In the Heart of the Sea – 3 out of 5
The book Moby-Dick is pretty much required reading for most high school kids since the day it was declared it was a cherished piece of American literature. It’s been adapted into quite a few different productions over the years (including a puppet version by a friend of mine here in Milwaukee and one of Mastodon’s best concept albums) but we haven’t really seen a film version of the real events that inspired the story of the great white whale. Director Ron Howard decided to bring those events to life In the Heart of the Sea.
|That's basically how whales give "the finger."|
Based on the non-fiction novel of the same name, In the Heart of the Sea begins in the 1850s where author Herman Melville (Ben Whishaw) wishes to pay retired whaler Thomas Nickerson (Brendan Gleeson) handsomely in order to hear the story of the last voyage of the whaling vessel the Essex. Reluctantly, he agrees and talks about when he was younger (and was portrayed by Tom Holland) in the early 1800s and was living in Nantucket. The ship would be commanded by George Pollard (Benjamin Walker) and have the veteran Owen Chase (Chris Hemsworth) as the first mate. Hopes were high when the trip began but they soon found themselves sailing without a single lick of luck and unable to find the whales they so desperately need. Then, while docked near Ecuador, they are told of large pods of whales nearby but are warned of a vengeful white whale that stalks the waters. Ignoring the warning, the Essex sails to find the pod and quickly find out the rumors of the killer giant whale are true and they soon feel the monster’s rage!
|The hero that the other whales deserve.|
The strongest aspect ItHotS has working in its favor in the fact that the film is visually stunning. The visuals throughout the film, including some really great B-roll shot intercut into the action, look incredible. The striking use of color and shadow really makes everything pop and makes the action come to life. Additionally, the sets and costumes all look fantastic and it equates to a trip that easily sucked me into the story and believe that I was witnessing the era. Also, the special effects are awesome and the work they do to bring the great whale to life is spectacular. Finally, the film has some incredibly well put together action sequences that are endlessly exciting.
The film also contains a terrific cast that, aside from the likes of Hemsworth, Gleeson and Whishaw, also contains such talent as Frank Dillane (Fear the Walking Dead), Cillian Murphy and many more. Everyone is doing a great job and, it seems, that this film has all it needs to be a great film. Everything but one thing: A working story.
|"This tale will make a great book. It just needs an equally great title. How about...hmmm...|
The Dickhead Whale Who Needs to Die? Yeah, that'll work."
The story isn’t necessarily bad because the plight of the Essex is a very dramatic and interesting one. The lows the crew suffers over not getting any whales, to the battle against the great white whale that left them stranded at sea and all the way to the moment they have their last stand against the beast is exciting, dramatic and enthralling but the real issue comes with how the characters are handled within the tale. The crew of the Essex is big and even the actors in the background are doing a great job but most of the characters aren’t given enough screen time or, even worse, treated to lazy development.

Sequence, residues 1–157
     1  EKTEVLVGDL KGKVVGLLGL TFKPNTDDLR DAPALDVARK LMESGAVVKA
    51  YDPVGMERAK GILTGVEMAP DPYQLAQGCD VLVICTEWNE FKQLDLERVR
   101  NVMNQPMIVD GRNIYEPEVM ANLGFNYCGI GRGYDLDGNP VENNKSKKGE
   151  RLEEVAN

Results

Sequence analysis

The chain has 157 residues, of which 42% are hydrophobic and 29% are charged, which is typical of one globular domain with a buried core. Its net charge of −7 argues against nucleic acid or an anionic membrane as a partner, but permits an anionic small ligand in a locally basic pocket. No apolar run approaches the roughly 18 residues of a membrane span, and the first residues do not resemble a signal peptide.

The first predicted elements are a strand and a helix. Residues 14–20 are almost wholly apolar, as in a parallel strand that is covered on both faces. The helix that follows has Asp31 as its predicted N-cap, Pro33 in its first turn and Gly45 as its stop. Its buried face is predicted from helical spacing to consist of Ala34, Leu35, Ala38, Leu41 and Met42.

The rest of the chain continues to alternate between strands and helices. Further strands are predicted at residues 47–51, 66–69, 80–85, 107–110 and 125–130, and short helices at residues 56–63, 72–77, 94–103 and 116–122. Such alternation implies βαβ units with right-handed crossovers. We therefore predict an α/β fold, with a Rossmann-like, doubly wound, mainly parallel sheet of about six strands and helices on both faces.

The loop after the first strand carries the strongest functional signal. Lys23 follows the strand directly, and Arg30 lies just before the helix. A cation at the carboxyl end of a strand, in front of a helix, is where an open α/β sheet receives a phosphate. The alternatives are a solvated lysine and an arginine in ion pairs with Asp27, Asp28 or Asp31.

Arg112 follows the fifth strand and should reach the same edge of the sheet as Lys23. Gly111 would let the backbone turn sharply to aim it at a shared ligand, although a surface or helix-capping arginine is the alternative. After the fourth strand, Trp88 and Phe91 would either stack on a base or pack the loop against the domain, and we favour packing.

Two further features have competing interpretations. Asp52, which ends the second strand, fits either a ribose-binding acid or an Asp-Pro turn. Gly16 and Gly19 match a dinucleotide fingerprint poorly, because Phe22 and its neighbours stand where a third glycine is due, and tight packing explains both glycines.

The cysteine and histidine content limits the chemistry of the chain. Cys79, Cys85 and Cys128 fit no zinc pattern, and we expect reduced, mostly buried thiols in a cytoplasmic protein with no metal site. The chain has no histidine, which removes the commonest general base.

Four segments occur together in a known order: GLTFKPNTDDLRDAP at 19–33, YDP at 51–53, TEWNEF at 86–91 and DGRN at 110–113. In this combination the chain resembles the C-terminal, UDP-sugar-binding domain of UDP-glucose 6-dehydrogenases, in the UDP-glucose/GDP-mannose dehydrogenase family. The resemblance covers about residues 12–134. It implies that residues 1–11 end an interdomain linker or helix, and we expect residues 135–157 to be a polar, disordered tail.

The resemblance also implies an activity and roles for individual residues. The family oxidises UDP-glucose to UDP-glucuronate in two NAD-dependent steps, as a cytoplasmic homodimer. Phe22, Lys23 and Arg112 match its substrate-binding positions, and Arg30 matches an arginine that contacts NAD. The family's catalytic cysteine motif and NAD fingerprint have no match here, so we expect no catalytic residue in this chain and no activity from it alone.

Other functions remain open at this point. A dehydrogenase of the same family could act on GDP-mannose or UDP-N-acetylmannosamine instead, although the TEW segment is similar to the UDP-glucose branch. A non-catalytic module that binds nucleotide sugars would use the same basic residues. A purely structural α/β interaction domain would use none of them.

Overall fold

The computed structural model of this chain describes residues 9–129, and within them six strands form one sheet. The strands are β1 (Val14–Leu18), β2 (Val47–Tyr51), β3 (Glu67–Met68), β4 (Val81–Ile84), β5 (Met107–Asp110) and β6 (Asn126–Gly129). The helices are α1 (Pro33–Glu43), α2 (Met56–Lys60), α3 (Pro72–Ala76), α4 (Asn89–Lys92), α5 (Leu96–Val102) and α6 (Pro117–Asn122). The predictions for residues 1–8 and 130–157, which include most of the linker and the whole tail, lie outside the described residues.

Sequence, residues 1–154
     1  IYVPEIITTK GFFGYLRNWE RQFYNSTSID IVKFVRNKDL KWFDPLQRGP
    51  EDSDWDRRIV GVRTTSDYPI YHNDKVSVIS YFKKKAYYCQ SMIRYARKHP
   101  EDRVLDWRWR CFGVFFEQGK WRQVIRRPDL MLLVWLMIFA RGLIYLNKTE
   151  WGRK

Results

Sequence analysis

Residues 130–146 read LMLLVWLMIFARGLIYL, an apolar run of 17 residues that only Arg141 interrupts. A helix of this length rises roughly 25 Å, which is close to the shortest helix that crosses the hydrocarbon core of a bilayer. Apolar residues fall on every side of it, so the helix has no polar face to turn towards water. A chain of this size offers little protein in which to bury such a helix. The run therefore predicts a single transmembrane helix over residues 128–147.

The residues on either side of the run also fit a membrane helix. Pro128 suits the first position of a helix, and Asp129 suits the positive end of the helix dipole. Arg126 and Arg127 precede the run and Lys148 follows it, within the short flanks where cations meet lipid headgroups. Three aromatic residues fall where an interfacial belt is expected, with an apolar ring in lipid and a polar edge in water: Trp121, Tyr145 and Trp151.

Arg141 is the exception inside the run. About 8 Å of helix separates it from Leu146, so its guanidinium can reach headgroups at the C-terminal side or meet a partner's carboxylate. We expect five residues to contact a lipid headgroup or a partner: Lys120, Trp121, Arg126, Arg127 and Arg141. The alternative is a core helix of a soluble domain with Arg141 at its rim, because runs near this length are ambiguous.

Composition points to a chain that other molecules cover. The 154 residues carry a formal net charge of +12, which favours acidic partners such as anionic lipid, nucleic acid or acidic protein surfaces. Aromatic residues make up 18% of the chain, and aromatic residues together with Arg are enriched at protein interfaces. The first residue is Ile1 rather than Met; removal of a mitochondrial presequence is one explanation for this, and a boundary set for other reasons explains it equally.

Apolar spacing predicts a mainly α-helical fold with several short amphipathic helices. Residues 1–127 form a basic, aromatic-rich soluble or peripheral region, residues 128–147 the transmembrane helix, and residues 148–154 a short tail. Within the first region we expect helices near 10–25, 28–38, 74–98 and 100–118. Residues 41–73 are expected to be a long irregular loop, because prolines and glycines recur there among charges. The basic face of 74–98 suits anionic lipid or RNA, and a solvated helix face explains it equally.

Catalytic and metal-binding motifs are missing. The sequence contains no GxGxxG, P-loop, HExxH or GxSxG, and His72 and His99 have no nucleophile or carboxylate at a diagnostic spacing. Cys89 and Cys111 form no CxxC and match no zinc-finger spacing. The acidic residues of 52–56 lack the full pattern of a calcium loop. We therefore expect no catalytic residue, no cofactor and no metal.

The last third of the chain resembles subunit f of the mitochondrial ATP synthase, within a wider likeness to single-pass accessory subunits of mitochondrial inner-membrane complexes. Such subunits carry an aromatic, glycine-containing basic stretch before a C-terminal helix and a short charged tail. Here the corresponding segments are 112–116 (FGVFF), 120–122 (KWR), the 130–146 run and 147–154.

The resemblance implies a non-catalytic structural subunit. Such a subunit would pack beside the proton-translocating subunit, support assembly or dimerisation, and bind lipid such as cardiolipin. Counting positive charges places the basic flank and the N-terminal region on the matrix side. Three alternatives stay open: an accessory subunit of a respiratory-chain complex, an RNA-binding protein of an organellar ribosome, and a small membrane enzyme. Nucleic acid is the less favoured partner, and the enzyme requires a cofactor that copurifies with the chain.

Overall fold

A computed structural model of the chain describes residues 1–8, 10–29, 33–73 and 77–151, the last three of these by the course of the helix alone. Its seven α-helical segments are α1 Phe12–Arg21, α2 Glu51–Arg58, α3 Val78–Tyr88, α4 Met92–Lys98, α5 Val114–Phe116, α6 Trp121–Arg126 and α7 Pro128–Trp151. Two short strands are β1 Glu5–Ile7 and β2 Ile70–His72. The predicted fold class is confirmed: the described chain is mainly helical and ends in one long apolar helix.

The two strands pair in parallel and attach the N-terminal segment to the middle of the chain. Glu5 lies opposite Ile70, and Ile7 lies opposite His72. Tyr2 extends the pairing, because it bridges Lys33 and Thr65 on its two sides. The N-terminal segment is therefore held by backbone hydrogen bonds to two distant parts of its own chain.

|"The doomed expedition was worth it though for this pure whale piss!"|
There are times in the story where a character that isn’t played by Chris Hemsworth is given their moment to shine for plot purposes and these times often felt empty and lacked impact. Most of the characters in the film are introduced quickly and given a line or two (or, if they are lucky, a single scene) to establish who they are and what drives them. Often, this character is pushed into the background for so long that, by the time their moment comes for them to do their thang, I found myself feeling nothing for what they were doing or the situation they were in. For example, one member of the crew dies in what should be a very heavy and tear-jerkin’ way but because this character has such a tiny presence in the story this demise felt like a weak attempt at creating drama rather than a terrible but momentous point in the tale used to illicit a real response from the viewer.
|Even dying of starvation and dehydration, Hemsworth is more handsome than|
I'll ever be.
In all honesty, this was the one thing that really dragged the whole thing down for me with In the Heart of the Sea. Sure, there are some moments where the green screen compositing looked off and it made some scenes look really fake and shaky but, for the most part, the hardest part to deal with was how poorly handled the characters were used. That being said, I still found the film very entertaining and loved just how beautiful the entire thing looked. From a story and character perspective, the film is in the middle-of-the-road and passable arena but, visually, the film is beyond amazing. Had the story matched Ron Howard’s use of color, lighting, camera work and kept pace with the visuals this film never stops hurling at you, this would have been an absolutely stellar film…but, as it is, it’s still not bad.